Wednesday, November 14, 2018

First plaintiff goes to trial against Monsanto claiming RoundUp to blame for terminal cancer

With thousands of cases being brought against Monsanto, the company's infamous weed-killer, RoundUp, is to blame by many cancer sufferers.

Image Credit: Mehdi Fedouach/AFP/Getty Images

Bayer’s recent acquisition of Monsanto might have dropped its name, but not the numerous lawsuits against the giant biotech company. With thousands of cases being brought against Monsanto, the company’s infamous weed-killer, RoundUp, is to blame by many cancer sufferers.

The first case, which went to trial yesterday, rests on “whether Roundup’s key ingredient glyphosate causes cancer and whether Monsanto failed to adequately warn customers,” EcoWatch reported. The plaintiff, Dewayne Johnson, a northern California resident and father of two, was granted “an expedited trial” because he is in his final days of life, Johnson’s doctors reported. Working with Roundup 20-30 times a year – both preparing and spraying the chemicals – as a groundskeeper for the Benicia Unified School District, Johnson developed terminal non-Hodgkin’s lymphoma and now suffers from lesions on more than 80 percent of his body.

Johnson’s case is just one of the other 4,000 brought against Monsanto in “what’s become a global debate over the safety of one of the world’s most widely used pesticides,” EcoWatch reported.

While the International Agency for Research on Cancer (IARC) classified glyphosate “as a probable human carcinogen” in 2015 after years of peer-reviewed scientific studies proved it to be true, Monsanto has questioned the validity of IARC’s claims and countered the studies claiming Roundup does not cause cancer when used properly. Monsanto also has the EPA on its side, which cited findings that concluded glyphosate is an unlikely carcinogen.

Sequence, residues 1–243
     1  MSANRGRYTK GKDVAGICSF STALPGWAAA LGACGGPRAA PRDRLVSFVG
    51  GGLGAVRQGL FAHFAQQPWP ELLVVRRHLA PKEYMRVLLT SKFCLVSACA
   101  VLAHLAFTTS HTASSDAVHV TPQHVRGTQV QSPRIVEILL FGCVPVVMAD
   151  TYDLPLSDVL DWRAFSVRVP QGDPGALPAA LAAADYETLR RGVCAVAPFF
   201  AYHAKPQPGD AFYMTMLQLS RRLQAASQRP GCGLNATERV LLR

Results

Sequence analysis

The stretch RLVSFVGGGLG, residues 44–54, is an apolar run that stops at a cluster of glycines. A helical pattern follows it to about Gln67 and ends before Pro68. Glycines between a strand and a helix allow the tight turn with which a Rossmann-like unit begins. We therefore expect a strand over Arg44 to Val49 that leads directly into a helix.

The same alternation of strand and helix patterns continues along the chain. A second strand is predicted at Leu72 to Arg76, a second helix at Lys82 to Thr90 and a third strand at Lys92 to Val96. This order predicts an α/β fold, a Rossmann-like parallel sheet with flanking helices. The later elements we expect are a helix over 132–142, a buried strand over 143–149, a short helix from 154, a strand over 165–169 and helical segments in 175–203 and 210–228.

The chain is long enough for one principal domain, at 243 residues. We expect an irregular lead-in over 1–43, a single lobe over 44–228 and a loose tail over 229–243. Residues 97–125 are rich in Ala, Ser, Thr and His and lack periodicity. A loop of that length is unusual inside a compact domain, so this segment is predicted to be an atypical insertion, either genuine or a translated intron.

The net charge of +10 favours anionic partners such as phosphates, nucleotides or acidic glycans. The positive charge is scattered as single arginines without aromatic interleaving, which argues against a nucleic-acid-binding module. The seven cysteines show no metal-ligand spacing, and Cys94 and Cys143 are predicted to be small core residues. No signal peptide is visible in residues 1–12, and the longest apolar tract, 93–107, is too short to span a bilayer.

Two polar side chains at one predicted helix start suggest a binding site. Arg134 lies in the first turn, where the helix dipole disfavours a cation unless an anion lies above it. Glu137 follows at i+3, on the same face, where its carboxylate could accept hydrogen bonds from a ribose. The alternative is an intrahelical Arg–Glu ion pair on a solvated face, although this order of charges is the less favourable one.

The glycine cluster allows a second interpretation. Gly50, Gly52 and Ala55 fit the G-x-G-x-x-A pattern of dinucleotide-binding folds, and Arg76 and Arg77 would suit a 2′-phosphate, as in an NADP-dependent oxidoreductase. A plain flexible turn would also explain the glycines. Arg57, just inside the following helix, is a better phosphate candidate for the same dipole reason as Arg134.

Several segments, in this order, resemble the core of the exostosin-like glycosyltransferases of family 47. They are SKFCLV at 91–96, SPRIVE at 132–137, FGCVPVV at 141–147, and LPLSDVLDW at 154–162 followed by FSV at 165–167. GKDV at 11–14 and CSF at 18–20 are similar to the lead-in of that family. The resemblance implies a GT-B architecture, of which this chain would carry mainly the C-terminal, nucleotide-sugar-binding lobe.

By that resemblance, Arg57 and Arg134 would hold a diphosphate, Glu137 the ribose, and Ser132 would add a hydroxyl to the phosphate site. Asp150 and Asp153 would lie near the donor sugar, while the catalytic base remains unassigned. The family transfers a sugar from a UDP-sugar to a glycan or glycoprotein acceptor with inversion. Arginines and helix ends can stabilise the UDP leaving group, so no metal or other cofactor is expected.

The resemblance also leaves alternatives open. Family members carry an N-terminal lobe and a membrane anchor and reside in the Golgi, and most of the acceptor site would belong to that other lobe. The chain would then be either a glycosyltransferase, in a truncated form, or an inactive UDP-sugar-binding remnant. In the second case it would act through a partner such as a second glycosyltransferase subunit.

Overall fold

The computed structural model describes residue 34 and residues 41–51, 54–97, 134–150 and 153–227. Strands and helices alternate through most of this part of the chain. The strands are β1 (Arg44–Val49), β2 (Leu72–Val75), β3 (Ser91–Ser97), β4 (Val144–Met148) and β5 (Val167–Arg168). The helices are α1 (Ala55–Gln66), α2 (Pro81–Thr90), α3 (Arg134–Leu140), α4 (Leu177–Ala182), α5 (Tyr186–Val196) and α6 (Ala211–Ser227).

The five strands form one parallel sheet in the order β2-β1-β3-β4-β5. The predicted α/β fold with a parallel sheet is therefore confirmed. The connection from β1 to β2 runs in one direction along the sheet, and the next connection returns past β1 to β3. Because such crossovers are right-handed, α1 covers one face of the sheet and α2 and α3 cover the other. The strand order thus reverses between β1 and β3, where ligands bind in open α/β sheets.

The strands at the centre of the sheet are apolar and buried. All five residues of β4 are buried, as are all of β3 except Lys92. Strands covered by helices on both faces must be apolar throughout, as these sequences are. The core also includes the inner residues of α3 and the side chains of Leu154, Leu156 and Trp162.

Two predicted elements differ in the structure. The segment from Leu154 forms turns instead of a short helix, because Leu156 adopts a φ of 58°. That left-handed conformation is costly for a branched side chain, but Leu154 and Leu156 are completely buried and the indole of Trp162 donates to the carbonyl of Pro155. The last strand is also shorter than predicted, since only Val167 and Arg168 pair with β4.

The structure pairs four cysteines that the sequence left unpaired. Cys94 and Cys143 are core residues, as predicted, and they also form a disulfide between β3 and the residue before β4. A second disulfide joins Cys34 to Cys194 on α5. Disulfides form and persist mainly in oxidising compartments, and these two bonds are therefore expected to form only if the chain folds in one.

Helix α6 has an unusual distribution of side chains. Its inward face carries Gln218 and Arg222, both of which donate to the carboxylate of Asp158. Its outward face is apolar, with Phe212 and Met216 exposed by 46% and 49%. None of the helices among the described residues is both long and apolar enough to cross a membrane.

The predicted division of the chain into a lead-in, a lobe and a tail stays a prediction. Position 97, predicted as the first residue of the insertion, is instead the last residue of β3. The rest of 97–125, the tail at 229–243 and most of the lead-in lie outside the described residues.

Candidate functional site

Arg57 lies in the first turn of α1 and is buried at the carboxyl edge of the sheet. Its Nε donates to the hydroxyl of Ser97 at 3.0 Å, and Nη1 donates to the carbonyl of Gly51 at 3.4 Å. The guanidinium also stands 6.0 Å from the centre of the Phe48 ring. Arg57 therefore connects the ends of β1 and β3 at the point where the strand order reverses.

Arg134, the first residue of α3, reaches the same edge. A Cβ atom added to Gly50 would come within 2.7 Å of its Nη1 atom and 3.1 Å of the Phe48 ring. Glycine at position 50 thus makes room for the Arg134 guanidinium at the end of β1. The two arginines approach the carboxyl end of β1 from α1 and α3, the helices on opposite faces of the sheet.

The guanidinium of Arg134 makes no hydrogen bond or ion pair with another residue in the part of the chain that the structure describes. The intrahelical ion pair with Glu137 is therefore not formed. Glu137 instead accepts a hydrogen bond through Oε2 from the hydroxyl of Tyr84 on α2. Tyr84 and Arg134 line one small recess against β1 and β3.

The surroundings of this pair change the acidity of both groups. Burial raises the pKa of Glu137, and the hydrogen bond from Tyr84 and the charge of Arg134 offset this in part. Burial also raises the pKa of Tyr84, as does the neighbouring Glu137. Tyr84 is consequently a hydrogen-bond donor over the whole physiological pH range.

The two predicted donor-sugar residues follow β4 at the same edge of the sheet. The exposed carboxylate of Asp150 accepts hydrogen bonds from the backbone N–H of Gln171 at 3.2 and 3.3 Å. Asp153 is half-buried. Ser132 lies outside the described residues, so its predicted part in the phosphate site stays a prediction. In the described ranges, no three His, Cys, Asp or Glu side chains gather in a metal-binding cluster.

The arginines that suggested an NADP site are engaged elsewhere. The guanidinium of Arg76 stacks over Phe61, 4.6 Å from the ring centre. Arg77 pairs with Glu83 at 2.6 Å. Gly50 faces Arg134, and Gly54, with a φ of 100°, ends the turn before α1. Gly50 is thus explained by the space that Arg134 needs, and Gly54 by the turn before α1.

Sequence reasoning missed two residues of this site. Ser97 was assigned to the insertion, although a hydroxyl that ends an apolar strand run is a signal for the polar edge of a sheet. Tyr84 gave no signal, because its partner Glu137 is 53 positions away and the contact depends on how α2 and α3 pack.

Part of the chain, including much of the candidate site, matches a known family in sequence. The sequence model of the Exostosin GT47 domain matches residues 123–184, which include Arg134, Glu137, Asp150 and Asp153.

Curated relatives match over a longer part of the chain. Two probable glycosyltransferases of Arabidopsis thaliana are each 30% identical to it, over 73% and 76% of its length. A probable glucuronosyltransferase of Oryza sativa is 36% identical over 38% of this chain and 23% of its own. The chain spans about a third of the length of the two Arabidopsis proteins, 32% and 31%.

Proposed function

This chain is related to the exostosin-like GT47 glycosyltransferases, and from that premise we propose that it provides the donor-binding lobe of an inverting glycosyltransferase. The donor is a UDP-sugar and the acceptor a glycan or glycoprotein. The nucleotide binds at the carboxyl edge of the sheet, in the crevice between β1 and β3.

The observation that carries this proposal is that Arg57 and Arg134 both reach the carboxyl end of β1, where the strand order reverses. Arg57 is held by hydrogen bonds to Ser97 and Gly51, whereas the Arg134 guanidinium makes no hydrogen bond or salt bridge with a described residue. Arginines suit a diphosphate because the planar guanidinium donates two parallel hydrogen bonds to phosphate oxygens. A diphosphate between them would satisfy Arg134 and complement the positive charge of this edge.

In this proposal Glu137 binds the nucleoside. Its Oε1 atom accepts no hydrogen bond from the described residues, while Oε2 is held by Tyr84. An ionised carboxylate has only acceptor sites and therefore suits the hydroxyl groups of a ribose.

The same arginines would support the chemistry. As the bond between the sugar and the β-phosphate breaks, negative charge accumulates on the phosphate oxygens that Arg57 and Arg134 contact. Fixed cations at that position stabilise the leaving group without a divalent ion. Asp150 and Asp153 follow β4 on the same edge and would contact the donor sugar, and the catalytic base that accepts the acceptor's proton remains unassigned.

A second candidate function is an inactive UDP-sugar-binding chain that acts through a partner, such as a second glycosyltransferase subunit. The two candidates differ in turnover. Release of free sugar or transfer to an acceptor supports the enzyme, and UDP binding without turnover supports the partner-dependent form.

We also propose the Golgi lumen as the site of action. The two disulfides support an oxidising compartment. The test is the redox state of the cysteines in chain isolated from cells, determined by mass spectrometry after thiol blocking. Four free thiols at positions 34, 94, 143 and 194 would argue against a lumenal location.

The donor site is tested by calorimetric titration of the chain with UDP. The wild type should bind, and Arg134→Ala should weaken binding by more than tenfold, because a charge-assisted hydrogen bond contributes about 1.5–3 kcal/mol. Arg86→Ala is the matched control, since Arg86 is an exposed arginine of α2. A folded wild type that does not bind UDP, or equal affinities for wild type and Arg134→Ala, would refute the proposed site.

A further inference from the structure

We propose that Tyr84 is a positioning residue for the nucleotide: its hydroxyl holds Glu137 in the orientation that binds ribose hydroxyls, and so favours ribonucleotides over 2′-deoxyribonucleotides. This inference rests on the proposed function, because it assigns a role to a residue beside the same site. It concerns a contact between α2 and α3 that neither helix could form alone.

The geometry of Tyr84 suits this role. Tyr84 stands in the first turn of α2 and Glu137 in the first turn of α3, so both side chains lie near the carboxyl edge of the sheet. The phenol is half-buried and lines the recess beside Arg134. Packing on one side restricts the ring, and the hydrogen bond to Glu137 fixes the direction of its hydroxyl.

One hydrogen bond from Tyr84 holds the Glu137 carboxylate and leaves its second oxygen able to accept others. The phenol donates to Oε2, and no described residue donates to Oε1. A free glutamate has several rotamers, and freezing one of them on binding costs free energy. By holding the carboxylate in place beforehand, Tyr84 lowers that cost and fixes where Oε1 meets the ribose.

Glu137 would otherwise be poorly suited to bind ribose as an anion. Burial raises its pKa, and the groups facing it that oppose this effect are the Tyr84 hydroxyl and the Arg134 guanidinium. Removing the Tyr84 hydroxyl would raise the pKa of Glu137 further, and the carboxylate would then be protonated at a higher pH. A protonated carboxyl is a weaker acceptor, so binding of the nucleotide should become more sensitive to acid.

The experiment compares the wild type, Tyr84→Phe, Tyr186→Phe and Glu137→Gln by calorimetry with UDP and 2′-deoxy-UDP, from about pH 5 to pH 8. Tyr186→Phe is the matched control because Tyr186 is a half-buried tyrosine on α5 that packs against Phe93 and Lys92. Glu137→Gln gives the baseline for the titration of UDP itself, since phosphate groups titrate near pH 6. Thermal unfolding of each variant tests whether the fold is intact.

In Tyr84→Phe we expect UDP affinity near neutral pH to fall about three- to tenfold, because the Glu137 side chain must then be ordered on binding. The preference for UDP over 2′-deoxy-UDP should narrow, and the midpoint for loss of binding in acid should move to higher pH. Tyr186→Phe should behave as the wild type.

“Glyphosate-based herbicides are supported by one of the most extensive worldwide human health and environmental effects databases ever compiled for a pesticide product,” Monsanto said on its website. “Comprehensive toxicological and environmental fate studies conducted over the last 40 years have time and again demonstrated the strong safety profile of this widely used herbicide.”

Roundup, which was first sold in 1974, “represents billions of dollars in annual revenues for Monsanto, which became a subsidiary of German-based Bayer AG on June 8,” EcoWatch reported.

While the outcome is important in a larger sense to hold Monsanto accountable and progress thousands of similar cases, Monsanto is doing all it can to disprove that RoundUp is to blame for Johnson’s cancer.

“We’re going to get them here. We have the goods,” Brent Wisner, one of three lawyer representing Johnson at his trial, said. “If the evidence we have is allowed in, Monsanto is in trouble.”

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